Being twinned with Elza and sharing my special day means a great deal to me, I will now become her Guardian of her Memory and light a candle for her on Yom Hashoah and Holocaust Memorial Day
Since my Grandpa has been involved with the Yad Vashem twinning programme, I have been eagerly awaiting my turn to be twinned. I specifically wanted to be twinned with a child who came from Berlin Germany. Why Berlin you may ask? Well, my Great Grandfather, Nannan Queenie’s husband, came from Berlin. His name was Heinz Max Karfunkelstein. Like all Jews under Nazi occupation he was forced to wear the yellow star. He was 19 when he escaped Germany in 1939. During the persecution of the Jewish people, he had witnessed many horrific scenes including the night of the broken glass, women and young girls being tarred and feathered to name but a few, scene’s no one, let alone children should witness. On his arrival to the UK he changed his name to Henry Carson, but for some reason he was always called Bob!!! He joined the British Army and requested to be sent back to Germany to fight the war there. His request was denied and he was sent to Burma where he joined the SAS and became a paratrooper. Sadly, he died in 1975 of Cancer.
I have the honour of being twinned with a 10 year old girl called Elza Neumann. She was born on the 16th June 1933. Elza’s father was called Moses and her mother was called Lucia. Elza also had a brother called Chaim, they lived in Berlin.
Moses was born in Tar-low Poland in 1887, he moved to Berlin sometime later. Before the war Moses was a Tailor, [Grandpa Bob] was also a tailor. Moses at some point early in the war was taken to Sachenhausen concentration camp. It is possible he was a political activist as this camp held many outspoken and political prisoners. He was murdered on the 11th of February 1941 at Sachenhausen.
Elza’s mother Lucia was born in 1893 in Berlin where she later met her husband. On the 3rd of March 1943 Elza and her mother were forced out of their home and boarded transport 33 together with over 1,700 others. They later arrived at Auschwitz concentration camp where they were probably murdered together on arrival.
Elza’s brother, Chaim survived the war and in 1999 gave testimony to Yad Vashem as to what happened to his parents and sister. At some point after the war Chaim moved to Israel and took up residence in Netanya. After extensive research by family and friends we were unable to locate Chaim or any of his family.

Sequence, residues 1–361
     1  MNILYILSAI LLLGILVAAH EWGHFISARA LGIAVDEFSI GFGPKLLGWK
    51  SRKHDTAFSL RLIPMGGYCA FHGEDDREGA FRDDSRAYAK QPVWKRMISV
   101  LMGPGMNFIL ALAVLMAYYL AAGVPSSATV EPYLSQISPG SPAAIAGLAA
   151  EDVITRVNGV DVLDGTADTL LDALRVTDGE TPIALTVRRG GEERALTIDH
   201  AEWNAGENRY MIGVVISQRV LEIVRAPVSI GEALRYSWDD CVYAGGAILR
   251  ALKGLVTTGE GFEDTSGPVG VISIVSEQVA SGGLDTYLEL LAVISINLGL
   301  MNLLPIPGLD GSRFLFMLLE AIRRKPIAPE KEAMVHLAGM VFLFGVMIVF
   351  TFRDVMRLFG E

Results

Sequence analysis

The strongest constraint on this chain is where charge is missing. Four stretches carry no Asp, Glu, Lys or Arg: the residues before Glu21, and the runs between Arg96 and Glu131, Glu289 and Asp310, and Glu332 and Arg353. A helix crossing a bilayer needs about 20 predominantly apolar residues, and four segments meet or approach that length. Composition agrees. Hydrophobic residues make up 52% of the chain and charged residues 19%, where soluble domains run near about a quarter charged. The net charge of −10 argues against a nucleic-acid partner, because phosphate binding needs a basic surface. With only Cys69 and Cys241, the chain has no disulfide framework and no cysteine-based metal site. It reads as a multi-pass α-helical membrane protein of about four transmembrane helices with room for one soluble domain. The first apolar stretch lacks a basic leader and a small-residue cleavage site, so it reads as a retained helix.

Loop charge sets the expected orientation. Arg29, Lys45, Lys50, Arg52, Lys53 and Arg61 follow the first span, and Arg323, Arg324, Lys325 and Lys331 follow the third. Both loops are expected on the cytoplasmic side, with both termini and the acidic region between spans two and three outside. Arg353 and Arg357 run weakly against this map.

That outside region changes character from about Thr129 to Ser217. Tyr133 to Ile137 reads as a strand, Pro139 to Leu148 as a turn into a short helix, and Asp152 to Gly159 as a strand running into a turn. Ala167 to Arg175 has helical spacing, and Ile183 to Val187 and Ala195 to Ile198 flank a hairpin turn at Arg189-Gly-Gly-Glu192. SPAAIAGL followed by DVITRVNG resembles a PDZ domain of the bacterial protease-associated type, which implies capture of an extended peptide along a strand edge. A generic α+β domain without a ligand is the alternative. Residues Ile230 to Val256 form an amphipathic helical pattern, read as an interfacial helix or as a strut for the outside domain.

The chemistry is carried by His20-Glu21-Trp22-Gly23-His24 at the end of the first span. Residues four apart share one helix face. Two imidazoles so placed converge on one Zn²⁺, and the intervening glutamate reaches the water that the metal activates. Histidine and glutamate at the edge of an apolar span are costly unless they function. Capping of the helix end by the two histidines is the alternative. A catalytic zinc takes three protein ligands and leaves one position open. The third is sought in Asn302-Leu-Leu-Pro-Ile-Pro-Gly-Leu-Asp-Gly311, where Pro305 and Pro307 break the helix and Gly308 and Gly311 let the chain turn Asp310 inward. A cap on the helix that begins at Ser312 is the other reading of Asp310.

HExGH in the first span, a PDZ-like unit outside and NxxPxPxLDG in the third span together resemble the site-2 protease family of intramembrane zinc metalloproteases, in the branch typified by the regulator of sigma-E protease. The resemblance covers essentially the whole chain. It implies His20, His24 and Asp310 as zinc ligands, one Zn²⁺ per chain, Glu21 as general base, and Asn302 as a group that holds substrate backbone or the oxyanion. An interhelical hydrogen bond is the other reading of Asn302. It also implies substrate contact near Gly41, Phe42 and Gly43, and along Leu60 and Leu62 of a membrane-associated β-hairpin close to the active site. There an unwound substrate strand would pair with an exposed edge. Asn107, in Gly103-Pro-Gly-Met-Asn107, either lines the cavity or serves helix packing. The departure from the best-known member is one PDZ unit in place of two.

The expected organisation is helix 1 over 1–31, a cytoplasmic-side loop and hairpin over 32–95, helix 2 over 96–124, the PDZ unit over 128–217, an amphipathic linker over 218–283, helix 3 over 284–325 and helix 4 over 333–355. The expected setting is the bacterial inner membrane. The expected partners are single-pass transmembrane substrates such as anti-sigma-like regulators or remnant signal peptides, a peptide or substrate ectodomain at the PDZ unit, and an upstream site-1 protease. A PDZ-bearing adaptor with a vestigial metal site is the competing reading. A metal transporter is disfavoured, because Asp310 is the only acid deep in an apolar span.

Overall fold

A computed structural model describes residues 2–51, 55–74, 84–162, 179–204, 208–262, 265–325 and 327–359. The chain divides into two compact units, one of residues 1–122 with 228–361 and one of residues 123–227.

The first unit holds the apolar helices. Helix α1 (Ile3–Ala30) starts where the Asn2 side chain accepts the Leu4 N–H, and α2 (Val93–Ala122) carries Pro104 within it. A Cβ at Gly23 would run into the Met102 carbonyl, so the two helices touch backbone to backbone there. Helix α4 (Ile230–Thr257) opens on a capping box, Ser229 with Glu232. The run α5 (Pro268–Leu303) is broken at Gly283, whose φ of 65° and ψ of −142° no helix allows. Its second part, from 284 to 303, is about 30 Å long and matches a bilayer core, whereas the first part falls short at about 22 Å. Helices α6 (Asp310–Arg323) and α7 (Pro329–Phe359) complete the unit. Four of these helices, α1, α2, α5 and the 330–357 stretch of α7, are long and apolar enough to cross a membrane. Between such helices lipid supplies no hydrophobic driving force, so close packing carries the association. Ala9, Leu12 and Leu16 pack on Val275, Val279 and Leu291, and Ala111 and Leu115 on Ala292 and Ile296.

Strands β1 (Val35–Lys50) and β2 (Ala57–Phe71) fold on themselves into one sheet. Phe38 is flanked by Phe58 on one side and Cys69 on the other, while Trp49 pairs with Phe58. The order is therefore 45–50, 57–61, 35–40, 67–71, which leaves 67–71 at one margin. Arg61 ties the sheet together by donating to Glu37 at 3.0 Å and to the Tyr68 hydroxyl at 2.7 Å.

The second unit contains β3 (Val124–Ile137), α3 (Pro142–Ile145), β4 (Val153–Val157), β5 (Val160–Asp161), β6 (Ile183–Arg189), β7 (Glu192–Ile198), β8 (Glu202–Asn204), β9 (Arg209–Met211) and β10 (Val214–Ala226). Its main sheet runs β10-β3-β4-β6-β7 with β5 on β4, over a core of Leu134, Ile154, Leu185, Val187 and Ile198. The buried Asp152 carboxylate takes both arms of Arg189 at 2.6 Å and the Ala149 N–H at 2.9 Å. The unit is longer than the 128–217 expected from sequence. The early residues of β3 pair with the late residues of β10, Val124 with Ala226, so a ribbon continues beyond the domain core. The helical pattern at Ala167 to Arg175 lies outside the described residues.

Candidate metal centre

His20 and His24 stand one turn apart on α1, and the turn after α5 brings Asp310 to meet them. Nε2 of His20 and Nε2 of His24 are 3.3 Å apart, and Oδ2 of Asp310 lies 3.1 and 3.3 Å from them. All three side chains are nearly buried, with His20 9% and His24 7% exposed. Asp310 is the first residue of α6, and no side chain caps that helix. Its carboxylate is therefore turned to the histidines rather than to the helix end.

I have tried to compare my time in lockdown, not being able to see my family and hugging my loved ones, to what Elza had to endure, under a forced lockdown, in fear of her life, having to watch her father being dragged away never to be seen again. Of course, there’s a massive difference between the two experiences but this past year has given me time to reflect on how fortunate we really are.
Being twinned with Elza and sharing my special day means a great deal to me. I will now become the Guardian of her Memory and light a candle for her on Yom Hashoah and Holocaust Memorial Day. I shall also at this time remember my Great Grandpa who sadly I never met.
Over 10 years ago Yad Vashem started the twinning programme. Since then over 800 children have been twinned, which seems a lot!! Until we remember 1 and a half million children were murdered by the Nazis in the Holocaust, as Grandpa said to me ‘there’s a long way to go before every child is remembered in this way’. My family are taking me to Israel later this year, if we are allowed, where I will visit Yad Vashem for the first time.
The pin I wear today is the Yad Vashem pin. It is a barbed wire stem with leaves stemming from the top. The wire represents the pain and suffering, while the leaves symbolise the rebirth and hope that emerged in the wake of this unparalleled tragedy. I will wear this pin with pride and honour.